The graphic health warnings consumers are seeing on tobacco products are proving to be effective. However, alcohol remains one of the leading causes of serious illness across the world, which begs the question: Should alcohol manufacturers be required to put similar warnings on their products?

According to a leading public health body; they should be. According to a new report from the Royal Society of Public Health (RSPH), putting health warnings on bottles and cans of alcohol would make it clear to consumers that these products come with significant health risks. The warnings would include the problems associated with exceeding the recommended limits and for drivers and pregnant women.

Shirley Cramer, chief executive of the RSPH said “Having a drink with friends or family is something many of us enjoy. However, the potential health consequences of alcohol consumption are more serious than many people realize. If and when people choose to drink, they have the right to do so with full knowledge of both what their drink contains and the effects it could have.”

“Consumer health information and warnings are now mandatory and readily available on most products from tobacco to food and soft drinks, but alcohol continues to lag behind. If we are to raise awareness and reduce alcohol harm, this must change. As Britain exits the EU, we ask that any additional regulatory freedom be used to strengthen that contribution – not to diminish it.”

According to the report, very few people are aware of the new alcohol limits that have been set out by the government. Chief medical officer for England Sally Davis set out the new recommendations, which have now changed to 14 units per week for men and women. Health groups argue that failure to warn the public could be putting them at risk and that companies have a responsibility to encourage consumers to drink alcohol responsibly.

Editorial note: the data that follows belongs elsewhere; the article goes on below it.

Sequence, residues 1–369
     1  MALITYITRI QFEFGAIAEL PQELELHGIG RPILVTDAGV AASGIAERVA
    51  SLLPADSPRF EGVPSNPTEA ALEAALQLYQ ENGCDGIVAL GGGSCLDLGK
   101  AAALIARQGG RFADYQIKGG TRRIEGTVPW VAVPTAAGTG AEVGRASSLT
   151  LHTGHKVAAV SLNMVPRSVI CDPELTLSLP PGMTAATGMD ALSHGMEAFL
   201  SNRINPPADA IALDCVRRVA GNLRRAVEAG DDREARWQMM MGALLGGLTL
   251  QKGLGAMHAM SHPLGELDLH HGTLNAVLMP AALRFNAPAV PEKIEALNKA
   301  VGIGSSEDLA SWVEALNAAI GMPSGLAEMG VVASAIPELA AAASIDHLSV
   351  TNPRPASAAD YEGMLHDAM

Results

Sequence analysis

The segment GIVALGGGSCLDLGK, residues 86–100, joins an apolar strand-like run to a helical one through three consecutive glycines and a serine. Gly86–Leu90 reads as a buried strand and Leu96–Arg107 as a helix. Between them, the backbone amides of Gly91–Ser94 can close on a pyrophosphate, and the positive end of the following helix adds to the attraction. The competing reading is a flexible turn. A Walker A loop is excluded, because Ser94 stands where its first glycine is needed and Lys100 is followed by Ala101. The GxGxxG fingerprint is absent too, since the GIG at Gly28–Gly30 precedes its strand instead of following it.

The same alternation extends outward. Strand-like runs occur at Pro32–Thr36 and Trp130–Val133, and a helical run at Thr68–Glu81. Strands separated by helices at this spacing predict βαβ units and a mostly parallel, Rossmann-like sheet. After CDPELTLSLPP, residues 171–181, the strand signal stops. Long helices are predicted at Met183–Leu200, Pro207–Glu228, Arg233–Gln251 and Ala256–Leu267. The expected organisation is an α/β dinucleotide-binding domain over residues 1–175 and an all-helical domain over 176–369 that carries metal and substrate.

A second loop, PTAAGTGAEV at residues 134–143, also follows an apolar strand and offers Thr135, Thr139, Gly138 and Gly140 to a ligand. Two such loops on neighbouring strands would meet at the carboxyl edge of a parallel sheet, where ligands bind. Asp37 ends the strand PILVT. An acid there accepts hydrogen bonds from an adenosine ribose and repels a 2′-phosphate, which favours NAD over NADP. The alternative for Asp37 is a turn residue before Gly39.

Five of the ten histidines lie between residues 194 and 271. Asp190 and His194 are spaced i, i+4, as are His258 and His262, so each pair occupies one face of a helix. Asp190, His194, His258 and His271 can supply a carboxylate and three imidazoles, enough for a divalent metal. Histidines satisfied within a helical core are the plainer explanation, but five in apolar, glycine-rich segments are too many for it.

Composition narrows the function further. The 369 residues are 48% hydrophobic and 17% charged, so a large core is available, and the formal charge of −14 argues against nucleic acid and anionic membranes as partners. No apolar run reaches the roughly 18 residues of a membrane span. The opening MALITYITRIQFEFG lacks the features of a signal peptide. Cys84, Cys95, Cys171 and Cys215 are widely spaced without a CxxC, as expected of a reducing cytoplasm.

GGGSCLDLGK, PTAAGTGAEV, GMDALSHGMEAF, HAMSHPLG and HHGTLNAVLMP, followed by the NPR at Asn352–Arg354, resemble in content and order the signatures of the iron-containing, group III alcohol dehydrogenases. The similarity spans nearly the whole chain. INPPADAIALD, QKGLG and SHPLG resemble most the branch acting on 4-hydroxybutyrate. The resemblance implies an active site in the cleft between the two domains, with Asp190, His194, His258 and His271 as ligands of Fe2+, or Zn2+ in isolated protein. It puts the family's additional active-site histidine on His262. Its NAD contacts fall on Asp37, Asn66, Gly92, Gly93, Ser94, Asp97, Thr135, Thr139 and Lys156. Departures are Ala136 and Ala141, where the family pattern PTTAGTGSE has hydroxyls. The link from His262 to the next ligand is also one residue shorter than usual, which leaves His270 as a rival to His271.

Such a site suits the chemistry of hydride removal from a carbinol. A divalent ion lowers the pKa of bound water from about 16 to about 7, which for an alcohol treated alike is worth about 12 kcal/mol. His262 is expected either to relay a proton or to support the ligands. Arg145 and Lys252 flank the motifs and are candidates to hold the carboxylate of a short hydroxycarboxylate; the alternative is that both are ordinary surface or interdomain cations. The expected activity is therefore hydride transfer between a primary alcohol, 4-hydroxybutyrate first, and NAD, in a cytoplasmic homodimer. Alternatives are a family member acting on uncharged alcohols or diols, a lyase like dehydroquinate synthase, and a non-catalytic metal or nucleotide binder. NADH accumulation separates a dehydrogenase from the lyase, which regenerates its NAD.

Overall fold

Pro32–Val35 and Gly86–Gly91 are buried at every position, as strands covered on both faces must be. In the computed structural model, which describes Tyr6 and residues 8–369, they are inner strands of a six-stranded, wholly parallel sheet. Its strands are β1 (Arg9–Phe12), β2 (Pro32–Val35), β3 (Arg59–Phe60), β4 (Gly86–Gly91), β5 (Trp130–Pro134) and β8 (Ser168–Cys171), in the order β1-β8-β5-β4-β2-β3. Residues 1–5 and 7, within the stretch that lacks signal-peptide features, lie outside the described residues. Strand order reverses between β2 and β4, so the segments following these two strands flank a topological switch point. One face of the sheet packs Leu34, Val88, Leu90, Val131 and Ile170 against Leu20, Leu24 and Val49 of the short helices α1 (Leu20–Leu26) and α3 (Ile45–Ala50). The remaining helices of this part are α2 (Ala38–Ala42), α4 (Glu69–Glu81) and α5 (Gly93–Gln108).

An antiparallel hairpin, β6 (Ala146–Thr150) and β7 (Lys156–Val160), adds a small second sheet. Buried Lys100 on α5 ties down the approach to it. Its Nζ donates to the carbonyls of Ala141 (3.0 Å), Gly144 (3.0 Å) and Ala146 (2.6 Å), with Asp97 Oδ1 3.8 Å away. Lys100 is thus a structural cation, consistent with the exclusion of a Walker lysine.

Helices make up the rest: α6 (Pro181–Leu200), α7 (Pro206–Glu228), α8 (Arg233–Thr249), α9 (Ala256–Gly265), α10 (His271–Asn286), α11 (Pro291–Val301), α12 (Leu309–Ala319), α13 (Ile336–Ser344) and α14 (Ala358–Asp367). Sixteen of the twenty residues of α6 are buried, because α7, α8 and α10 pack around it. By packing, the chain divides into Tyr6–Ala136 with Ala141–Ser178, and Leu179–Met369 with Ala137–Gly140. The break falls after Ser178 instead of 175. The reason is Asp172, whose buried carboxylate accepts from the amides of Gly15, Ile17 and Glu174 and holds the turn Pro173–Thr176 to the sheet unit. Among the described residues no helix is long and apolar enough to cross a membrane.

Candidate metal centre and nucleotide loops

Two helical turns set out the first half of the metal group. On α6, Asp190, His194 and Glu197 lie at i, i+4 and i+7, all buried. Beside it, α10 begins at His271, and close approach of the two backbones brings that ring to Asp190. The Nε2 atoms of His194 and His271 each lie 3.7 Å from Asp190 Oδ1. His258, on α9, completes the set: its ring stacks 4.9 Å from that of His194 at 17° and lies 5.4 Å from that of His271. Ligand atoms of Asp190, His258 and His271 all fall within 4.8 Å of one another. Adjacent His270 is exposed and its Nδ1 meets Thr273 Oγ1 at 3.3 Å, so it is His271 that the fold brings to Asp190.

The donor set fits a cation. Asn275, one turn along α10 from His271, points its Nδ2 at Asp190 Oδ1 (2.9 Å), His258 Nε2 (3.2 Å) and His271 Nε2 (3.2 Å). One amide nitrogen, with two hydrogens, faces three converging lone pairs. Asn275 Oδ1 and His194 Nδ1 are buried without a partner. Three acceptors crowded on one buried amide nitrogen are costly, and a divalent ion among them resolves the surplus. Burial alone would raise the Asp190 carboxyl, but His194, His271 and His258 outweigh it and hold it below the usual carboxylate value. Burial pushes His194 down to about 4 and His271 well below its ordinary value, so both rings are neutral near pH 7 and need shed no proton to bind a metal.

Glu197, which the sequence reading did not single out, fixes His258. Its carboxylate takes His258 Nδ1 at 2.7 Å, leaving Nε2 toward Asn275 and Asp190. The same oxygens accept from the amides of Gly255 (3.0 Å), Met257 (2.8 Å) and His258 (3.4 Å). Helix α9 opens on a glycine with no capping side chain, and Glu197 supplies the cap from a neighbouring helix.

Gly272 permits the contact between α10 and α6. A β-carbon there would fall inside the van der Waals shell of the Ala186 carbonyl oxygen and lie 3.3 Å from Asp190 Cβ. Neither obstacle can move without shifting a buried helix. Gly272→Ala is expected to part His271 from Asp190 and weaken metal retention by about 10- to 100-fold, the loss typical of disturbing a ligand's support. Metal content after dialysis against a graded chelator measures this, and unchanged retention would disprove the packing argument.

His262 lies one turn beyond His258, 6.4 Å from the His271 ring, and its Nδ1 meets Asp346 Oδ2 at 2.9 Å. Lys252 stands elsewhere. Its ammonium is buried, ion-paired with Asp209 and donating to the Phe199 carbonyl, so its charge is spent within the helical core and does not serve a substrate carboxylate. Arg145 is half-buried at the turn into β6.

The RSPH wants health warnings on alcohol to be mandatory across the industry. They noted that the 14 unit a week guideline should be clear on the label, and that the inclusion of graphic images warning of alcohol related disease like cancer and liver disease could help to discourage individuals from excessive drinking.

The group said they would also like to see drink-drive warnings, along with calorie information which could discourage some young people from binge drinking. Research has previously suggested that if young people knew the calorie content of some drinks it could mean a 20% shift toward lower strength alcohol.

Professor Sir Ian Gilmore, chairman of the Alcohol Health Alliance, said: ‘It is clear from this research that the public want labels to include the drinking guidelines, and we know from our own research that 81 per cent of the public want to see the guidelines on labels. ‘Alcohol is linked with over 200 disease and injury conditions, including heart disease, liver disease and at least seven types of cancer. We all have a right to know the drinking guidelines, along with the risks associated with alcohol, so that we are empowered to make informed choices about our drinking.’

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